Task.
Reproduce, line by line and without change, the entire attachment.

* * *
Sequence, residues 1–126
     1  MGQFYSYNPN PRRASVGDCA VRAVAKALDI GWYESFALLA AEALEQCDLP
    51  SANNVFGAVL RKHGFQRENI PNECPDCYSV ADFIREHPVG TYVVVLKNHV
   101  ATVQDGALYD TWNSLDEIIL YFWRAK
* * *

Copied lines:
Sequence, residues 1–126
     1  MGQFYSYNPN PRRASVGDCA VRAVAKALDI GWYESFALLA AEALEQCDLP
    51  SANNVFGAVL RKHGFQRENI PNECPDCYSV ADFIREHPVG TYVVVLKNHV
   101  ATVQDGALYD TWNSLDEIIL YFWRAK